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When a business partnership turns angry or bitter the consequences to the business can be extreme and may even lead to its bankruptcy or termination. At the outset of a business partnership, however, when the documents governing the operation of the business are being drafted, partners often do not put sufficient thought into what will occur in the event of a deadlock in decision-making or some other break-down in the business relationship. Even when options governing a breakup are put in place, however, they often involve one partner buying out the other or otherwise continuing the business without the other. A new provision under Delaware law, however, provides for a “divisive merger.” Under this provision, members of a limited liability company can develop a plan to divide a business and its assets and liabilities among two or more newly-created entities, with each business continuing independently.
The divisive merger provision, Section 18-217 of the the Delaware Uniform Limited Liability Company Act, became effective on August 1, 2018. Under the provision, a limited liability company must develop a written plan of division, which need not be filed publicly. This written plan must state, among other things:
The written plan must be adopted in the same manner as required as a merger under the original entity’s limited liability company agreement. If such a vote or other authorization process is not specified, then the plan must be adopted by at least 50% of the dividing entity’s members.
To affect the division, the surviving limited liability company or another entity involved in the division must file a Certificate of Division of the office of the Secretary of State of the State of Delaware. In addition, any new limited liability company created as part of the division must file a a Certificate of Formation and be created as any other newly-formed limited liability company.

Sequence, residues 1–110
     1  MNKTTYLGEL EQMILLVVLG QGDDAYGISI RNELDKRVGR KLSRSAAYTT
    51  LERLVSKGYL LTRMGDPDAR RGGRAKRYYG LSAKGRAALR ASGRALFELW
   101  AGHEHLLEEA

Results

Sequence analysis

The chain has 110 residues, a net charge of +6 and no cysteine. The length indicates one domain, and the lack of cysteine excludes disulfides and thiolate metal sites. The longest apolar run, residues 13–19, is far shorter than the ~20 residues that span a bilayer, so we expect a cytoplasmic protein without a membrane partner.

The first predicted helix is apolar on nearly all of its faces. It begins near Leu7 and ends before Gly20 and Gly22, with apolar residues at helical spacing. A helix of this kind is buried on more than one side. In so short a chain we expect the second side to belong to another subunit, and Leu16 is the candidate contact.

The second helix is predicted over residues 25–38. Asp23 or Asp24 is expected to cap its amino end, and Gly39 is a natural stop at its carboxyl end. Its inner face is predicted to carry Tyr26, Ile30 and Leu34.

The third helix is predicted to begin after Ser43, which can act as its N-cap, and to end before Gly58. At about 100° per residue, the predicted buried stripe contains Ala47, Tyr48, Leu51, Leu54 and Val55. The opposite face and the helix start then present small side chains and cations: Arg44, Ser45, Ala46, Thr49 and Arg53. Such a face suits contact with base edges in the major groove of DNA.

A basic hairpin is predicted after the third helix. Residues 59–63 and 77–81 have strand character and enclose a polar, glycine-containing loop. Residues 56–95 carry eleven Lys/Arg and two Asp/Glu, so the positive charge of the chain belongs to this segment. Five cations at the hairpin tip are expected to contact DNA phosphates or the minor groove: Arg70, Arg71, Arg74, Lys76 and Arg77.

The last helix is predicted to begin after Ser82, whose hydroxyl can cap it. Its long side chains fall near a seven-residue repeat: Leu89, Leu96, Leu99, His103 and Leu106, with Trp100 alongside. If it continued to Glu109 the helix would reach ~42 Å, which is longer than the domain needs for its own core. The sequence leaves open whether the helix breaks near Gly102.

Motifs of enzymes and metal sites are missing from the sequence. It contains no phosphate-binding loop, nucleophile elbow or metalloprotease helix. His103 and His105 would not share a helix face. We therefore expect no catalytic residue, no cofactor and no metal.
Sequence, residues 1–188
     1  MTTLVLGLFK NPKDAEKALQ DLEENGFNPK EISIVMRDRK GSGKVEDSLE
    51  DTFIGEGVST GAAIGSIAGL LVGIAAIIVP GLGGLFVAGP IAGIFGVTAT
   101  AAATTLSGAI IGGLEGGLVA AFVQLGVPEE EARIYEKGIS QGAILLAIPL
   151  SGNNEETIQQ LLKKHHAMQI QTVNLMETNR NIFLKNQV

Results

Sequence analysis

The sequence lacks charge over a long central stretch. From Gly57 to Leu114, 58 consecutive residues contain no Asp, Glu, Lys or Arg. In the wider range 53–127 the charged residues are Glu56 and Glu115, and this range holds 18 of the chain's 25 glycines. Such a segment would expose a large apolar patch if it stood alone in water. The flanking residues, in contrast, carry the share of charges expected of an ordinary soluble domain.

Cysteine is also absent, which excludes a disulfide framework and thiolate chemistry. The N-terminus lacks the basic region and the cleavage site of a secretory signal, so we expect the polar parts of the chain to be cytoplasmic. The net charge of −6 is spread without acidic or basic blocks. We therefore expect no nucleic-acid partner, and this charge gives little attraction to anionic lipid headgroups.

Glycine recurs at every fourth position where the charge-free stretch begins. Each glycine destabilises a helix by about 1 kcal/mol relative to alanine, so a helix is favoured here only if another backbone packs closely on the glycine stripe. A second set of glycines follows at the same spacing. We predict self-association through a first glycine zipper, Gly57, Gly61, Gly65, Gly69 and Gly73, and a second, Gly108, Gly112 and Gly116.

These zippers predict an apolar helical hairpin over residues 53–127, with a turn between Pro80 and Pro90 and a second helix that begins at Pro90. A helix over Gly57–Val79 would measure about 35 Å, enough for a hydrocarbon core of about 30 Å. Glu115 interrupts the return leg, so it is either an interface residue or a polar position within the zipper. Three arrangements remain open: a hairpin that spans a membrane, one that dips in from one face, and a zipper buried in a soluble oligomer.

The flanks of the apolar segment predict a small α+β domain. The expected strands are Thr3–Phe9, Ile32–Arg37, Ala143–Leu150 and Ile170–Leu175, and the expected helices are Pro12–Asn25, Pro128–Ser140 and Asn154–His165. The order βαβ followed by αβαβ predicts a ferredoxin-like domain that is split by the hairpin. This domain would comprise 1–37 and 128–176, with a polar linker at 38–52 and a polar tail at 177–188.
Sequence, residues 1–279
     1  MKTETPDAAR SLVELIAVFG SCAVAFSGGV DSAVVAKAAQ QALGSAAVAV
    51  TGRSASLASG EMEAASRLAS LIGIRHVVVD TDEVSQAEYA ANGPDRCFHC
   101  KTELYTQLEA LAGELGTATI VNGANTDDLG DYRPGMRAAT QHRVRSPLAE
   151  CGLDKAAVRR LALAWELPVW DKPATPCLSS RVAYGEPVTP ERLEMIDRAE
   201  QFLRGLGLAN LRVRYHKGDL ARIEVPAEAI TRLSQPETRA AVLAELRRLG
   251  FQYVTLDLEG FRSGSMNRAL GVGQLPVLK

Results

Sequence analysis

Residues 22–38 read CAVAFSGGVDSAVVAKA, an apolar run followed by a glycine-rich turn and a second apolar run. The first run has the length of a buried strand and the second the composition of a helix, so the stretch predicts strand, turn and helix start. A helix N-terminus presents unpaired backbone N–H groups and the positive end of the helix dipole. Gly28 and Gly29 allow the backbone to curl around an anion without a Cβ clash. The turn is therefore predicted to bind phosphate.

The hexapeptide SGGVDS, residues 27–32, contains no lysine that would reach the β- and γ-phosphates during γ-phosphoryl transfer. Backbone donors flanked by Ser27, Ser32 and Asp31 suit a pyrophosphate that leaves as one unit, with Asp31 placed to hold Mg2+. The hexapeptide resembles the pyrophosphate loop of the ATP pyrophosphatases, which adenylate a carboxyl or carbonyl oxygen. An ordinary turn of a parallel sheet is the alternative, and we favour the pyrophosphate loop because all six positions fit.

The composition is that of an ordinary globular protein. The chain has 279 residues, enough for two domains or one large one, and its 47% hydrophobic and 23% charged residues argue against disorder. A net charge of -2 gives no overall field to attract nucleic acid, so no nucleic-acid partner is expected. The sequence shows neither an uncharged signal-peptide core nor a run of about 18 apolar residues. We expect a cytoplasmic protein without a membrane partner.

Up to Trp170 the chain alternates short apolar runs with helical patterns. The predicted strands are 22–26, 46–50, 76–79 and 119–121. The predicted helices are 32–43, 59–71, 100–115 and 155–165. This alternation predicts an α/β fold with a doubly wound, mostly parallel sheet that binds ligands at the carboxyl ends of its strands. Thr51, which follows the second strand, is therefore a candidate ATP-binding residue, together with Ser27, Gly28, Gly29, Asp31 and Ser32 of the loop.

Once the Certificate of Division is effective, the debts, liabilities and obligations of the initial limited liability company will be divided as set forth in the internally held written plan of division, and no other company involved in the division will have liability for such debts, liabilities and obligations. One of the key concerns with the new provision is the effect of a division upon the rights of creditors in the event of a division. Some are concerned that creditors who lend money to a company based on its assets and its operations as a going concern may be defrauded by a division of liabilities which leaves the liability with a weaker, less capitalized entity.
The new Divisive Merger filing is just another example of how the state of Delaware continues to keep its legal infrastructure on the cutting edge through consistent judgments, enacting of new corporate laws and by keeping a reasonable and fair legal environment for Delaware corporate entities.
THE AUTHOR OF THIS BLOG ARTICLE IS NOT A LAWYER AND HARVARD BUSINESS SERVICES, INC. IS NOT A LAW FIRM. THE ARTICLE ABOVE IS NOT INTENDED AS LEGAL ADVICE AND SHOULD NOT BE TAKEN AS LEGAL ADVICE. THIS SHORT ARTICLE IS STRICTLY TO MENTION SOME ASPECTS OF DELAWARE'S CORPORATION LAWS AND/OR LAWS RELATING TO OTHER FORMS OF ENTITIES WHICH YOU MAY NOT BE FAMILIAR WITH. WE RECOMMEND THAT YOU CONSULT WITH A LAWYER BEFORE FORMULATING A STRATEGY WHICH WILL BE SUITABLE FOR YOUR SPECIFIC CASE.